Speaking to BBC Gloucestershire, she said: "It's 100 years and I thought we ought to do something special". Jackie added that the display had caused people who have seen them to get "very emotional". "It's not just a name on a grave any more. You've got an actual physical thing, and it makes you think this was actually a person. The village's local history society worked on the project.

Wire soldiers tribute in St John the Evangelist Churchyard

All images sourced from the Daily Mirror article are © of Nikki Phillips and reproduced with thanks

Ghostly Tommies rise up in remembrance

Silhouettes of 6ft tall WWI soldiers emerge to mark 100 years since the end of the war

Six-foot metal outlines of First World War soldiers have appeared at iconic locations like the Tower of London
Part of campaign led by former British Army head to raise £15m for armed forces and mental health charities
Community installations of Tommies will honour the 888,246 British and Commonwealth soldiers who died

By Larisa Brown Defence And Security Editor for the Daily Mail | Published: 28th February 2018 | Updated: 28th February 2018

Rising like a ghost from the earth, the Tommy stands with head bowed and rifle in hand, a poppy adorning his chest.

This silhouette of a First World War soldier, 6ft tall and made from aluminium, has appeared in the village of Penshurst, Kent. It is one of many that will be displayed across the country to mark 100 years since the end of the war and its overwhelming human cost.  The art installation, officially unveiled yesterday and called There But Not There, has seen the silhouettes appear in sentry boxes usually manned by Yeoman Warders at the Tower of London, and on the Giant’s Causeway in Northern Ireland.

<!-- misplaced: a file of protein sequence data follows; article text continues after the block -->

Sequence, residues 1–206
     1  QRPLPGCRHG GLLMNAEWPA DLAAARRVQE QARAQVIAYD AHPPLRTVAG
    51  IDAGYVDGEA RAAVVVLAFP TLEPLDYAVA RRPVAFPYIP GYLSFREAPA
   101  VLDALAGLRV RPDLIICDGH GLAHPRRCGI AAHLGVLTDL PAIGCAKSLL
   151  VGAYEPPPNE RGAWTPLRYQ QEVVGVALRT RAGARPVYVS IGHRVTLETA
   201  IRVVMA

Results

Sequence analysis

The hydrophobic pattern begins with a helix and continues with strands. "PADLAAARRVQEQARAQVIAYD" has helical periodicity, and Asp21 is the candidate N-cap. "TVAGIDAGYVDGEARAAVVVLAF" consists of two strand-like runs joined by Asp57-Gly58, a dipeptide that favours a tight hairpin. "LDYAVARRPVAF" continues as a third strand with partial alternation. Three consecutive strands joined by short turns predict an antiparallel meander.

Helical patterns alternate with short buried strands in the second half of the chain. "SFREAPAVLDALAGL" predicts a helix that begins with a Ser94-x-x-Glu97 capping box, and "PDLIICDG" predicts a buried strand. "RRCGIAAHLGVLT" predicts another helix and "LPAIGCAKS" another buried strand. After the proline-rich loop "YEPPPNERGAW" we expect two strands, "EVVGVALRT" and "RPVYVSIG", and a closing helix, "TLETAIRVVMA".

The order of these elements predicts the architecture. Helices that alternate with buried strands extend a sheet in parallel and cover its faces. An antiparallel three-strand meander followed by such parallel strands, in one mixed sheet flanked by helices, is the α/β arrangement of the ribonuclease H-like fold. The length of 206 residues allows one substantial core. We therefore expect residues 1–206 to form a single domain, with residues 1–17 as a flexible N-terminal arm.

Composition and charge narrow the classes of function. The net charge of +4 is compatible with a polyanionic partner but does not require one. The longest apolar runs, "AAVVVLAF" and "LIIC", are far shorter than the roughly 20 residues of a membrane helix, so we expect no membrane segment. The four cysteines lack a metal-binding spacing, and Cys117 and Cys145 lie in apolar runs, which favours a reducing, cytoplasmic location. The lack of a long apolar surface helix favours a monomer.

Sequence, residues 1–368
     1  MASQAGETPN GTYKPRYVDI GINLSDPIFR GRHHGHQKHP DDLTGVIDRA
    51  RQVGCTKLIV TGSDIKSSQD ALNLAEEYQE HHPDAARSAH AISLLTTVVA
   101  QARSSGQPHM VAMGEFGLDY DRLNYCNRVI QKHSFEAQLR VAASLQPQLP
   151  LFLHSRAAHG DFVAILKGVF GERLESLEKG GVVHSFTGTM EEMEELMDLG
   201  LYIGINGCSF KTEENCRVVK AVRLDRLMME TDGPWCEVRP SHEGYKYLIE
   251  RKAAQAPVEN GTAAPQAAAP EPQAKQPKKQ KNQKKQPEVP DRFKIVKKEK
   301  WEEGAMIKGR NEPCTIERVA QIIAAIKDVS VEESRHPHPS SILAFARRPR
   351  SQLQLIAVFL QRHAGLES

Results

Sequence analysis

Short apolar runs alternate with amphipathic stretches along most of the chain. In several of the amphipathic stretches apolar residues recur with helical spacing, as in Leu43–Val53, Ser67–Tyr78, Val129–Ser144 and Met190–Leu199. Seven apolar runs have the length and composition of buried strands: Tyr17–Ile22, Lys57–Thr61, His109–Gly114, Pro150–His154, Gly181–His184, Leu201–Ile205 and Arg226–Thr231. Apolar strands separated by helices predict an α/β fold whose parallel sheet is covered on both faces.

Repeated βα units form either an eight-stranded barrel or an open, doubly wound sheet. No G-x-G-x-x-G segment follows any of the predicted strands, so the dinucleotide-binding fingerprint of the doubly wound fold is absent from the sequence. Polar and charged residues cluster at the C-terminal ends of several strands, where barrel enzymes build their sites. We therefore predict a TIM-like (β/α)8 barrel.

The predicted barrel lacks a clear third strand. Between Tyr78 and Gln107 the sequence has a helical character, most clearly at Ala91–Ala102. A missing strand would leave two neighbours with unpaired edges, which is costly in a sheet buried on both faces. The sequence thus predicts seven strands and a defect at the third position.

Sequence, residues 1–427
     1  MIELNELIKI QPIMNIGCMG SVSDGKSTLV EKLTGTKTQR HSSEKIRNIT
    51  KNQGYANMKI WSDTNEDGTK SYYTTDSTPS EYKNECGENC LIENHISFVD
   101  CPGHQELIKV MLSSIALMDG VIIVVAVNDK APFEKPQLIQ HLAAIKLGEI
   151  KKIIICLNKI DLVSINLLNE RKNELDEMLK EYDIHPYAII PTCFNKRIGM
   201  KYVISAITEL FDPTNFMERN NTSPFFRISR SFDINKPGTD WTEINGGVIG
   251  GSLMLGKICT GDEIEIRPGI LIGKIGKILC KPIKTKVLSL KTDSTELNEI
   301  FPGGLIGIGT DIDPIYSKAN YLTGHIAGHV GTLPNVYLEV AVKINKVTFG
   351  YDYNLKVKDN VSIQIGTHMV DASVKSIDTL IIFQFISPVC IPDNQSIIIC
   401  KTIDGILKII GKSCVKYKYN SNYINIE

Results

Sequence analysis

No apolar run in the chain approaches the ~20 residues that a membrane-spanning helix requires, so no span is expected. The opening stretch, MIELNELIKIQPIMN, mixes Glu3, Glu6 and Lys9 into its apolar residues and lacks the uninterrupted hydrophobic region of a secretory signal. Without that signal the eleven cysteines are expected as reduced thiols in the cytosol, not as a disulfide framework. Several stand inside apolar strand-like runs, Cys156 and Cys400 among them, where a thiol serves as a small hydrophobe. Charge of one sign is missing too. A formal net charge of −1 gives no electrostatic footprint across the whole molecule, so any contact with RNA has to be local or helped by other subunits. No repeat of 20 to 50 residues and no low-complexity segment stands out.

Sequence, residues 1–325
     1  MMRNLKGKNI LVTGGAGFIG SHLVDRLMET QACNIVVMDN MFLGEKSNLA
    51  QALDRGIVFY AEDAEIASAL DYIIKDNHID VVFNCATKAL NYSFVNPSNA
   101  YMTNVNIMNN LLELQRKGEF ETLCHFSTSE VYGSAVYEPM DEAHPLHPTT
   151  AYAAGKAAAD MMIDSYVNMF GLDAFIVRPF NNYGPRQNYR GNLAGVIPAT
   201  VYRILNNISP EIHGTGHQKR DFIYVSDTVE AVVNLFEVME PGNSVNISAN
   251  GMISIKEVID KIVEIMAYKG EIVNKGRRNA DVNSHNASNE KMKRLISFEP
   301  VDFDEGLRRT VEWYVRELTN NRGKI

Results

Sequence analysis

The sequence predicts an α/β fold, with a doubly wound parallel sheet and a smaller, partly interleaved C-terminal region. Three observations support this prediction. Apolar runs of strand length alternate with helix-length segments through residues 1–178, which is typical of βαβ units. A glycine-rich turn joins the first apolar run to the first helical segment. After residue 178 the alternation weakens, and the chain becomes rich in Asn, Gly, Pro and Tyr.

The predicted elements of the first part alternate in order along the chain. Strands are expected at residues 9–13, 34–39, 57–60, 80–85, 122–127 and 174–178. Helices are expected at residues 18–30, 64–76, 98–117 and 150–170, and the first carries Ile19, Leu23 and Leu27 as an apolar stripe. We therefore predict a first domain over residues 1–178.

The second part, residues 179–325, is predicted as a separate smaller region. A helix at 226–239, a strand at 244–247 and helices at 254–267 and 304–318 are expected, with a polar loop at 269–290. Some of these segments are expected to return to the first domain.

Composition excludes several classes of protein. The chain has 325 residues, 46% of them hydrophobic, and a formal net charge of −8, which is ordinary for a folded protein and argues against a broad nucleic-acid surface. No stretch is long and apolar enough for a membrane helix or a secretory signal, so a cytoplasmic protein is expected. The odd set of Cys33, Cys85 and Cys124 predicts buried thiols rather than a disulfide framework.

The figures have also been displayed at Hearts Football Club in Edinburgh, seven of whose players lost their lives in the conflict, and the Big Pit National Coal Museum in Blaenavon, South Wales, to reflect the Welsh miners who enlisted. Charities want community groups to buy similar scale silhouettes for local war memorials. The public will be able to buy ten-inch versions to remember their own relatives. A poignant reminder of the 888,246 British and Commonwealth soldiers who died and of those who survived but suffered physical and mental scars, the silhouettes will tour the nation until Armistice Day to raise funds for a new charity called Remembered. The aim is to raise £15million for Armed Forces and mental health charities. All the money raised will be shared evenly between The Royal Foundation: Heads Together, Walking With The Wounded, Combat Stress, Help for Heroes: Hidden Wounds, The Commonwealth War Graves Foundation and Project Equinox: Housing Veterans.